Contextual Inquiry: Observation
Part of these packages: Observe and design
Supported by these technologies: Dropbox,
Based on their design brief, students identify who and what to observe to inform their design result, for example practices or environments of particular people or animals. Their choice depends on who they are designing for, what they are designing and the initial challenges they want to address. Student teams perform their planned observation by using digital cameras, notebooks and microphones to document what they see. They share their collected media files and analyze them. Based on their collected information and analysis, the students refine their design brief, especially the design challenges and design results. They then record a reflection and update their blog. Classroom time needed: 1-3 lesson(s)
TERMINOLOGY – An inquiry is an act of asking for information. Observation is indicated to be the way. In our design activities, the word contextual refers to the circumstances that the students would like to design for or place their design into. So, here, the students use observation to collect information about the situation and factors of their design and that may inform their design.
1. Getting started
- Look at the blogs of each student team, especially their design briefs.
- Support the teams that have not updated their blogs and design briefs.
- Listen to the reflection recordings of each team.
- Identify suitable locations and settings for each team, to support them if needed.
- Introduce the activity/the workshop to the students
- Tell them that all of their senses need to be there when observing the people, practices or environments they identified.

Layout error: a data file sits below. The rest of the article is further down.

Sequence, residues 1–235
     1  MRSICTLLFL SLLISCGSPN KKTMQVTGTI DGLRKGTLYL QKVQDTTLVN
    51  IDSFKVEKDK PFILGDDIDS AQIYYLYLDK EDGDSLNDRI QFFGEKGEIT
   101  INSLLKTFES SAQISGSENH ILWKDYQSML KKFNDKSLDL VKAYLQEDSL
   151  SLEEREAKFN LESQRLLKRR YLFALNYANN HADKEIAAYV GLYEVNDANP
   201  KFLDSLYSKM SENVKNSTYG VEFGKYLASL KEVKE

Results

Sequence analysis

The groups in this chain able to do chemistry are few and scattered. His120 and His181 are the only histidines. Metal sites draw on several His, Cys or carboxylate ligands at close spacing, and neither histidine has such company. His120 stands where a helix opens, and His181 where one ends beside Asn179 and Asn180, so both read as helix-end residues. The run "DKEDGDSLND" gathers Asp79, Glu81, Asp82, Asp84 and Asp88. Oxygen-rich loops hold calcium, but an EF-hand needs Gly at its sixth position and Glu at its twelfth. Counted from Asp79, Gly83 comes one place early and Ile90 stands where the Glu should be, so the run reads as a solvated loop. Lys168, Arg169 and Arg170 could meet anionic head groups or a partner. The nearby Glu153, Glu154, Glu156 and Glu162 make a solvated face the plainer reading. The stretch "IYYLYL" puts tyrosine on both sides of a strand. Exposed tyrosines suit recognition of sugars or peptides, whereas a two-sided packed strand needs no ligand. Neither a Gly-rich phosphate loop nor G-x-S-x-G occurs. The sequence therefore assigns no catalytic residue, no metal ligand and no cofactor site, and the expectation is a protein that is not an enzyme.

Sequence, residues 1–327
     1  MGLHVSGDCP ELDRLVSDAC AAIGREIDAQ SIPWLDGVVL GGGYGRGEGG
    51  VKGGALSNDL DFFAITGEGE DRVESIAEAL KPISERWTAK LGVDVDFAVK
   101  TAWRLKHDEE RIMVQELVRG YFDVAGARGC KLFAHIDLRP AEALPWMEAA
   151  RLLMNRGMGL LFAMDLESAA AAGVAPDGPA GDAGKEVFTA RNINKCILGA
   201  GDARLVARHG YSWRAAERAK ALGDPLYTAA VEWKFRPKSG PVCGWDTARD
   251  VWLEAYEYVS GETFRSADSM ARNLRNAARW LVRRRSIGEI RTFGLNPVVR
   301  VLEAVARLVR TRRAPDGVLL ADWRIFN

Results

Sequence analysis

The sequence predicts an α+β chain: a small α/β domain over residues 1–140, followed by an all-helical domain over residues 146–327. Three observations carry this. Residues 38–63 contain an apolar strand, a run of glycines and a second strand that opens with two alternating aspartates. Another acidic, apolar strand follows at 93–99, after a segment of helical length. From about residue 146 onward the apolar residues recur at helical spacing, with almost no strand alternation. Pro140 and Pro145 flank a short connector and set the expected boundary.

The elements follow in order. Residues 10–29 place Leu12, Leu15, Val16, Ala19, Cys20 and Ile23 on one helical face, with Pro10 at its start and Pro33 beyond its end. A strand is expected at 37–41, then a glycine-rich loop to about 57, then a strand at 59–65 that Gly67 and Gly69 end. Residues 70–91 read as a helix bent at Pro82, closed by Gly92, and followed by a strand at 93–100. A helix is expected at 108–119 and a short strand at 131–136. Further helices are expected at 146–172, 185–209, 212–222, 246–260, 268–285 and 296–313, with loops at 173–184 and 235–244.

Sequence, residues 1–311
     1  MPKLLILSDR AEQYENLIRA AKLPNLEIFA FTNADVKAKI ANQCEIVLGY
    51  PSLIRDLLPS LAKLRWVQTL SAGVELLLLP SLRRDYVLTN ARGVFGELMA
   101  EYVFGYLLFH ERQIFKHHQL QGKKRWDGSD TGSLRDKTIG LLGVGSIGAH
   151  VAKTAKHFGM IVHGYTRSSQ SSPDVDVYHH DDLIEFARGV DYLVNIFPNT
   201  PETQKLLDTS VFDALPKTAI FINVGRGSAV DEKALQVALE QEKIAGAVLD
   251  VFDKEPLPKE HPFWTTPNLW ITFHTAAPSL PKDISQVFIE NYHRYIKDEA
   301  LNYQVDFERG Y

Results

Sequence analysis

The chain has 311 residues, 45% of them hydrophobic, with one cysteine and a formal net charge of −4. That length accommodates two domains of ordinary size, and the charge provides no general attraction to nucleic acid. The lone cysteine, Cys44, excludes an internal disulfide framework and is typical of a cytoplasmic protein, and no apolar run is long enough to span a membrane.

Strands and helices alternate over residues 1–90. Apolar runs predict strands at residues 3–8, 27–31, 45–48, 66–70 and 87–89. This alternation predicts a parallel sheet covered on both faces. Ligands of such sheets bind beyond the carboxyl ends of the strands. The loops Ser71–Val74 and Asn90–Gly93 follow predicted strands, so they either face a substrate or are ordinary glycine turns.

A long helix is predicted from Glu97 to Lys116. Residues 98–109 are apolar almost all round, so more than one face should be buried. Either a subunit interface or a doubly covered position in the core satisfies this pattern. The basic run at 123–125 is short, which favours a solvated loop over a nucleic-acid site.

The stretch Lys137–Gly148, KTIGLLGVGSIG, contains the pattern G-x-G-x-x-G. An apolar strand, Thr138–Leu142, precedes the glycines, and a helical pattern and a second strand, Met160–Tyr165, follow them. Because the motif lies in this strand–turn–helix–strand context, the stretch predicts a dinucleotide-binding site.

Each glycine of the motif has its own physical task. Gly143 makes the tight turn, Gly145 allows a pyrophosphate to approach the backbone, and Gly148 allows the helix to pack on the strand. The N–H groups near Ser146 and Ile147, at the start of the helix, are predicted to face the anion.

- Make sure that each team has documentation equipment (cameras, notebooks, microphone etc.)
- Make sure that each team has selected people, places and/or practices to observe.
Teams go out to do their observation, either together or individually.
Teams sort through the media files and notes they collected, they group and annotate them.
Teams analyse their notes and record design challenges and design ideas.
Teams discuss the following questions: 1. How did the workshop go? What interesting information was collected? Does the design brief still make sense or does it need changes? How does it need to change?
Students write their Design Brief 2 and record their Reflection 2.
Teams find more information on the topic (from books, internet, etc.) and collect it to a shared space.
Design Brief blog post: Students add their Design Brief 2 to the blog and label or tag it with “design brief”.
Design Process blog post: Students use their reflection recording to write what they did, what challenges they had and what challenges they can foresee. They label or tag the post with “design process”.
Design Results blog post: Students add their collected pictures and other media files to the blog and describe what these findings mean in relation to their design. They may include drawings of design ideas. They label or tag the post with “design results”.
TIP: Teachers who tried this activity reported that it presented a great opportunity for reflecting with students about the pros and cons of using ICT tools in school. Try that with your students.
This post is also available in: Turkish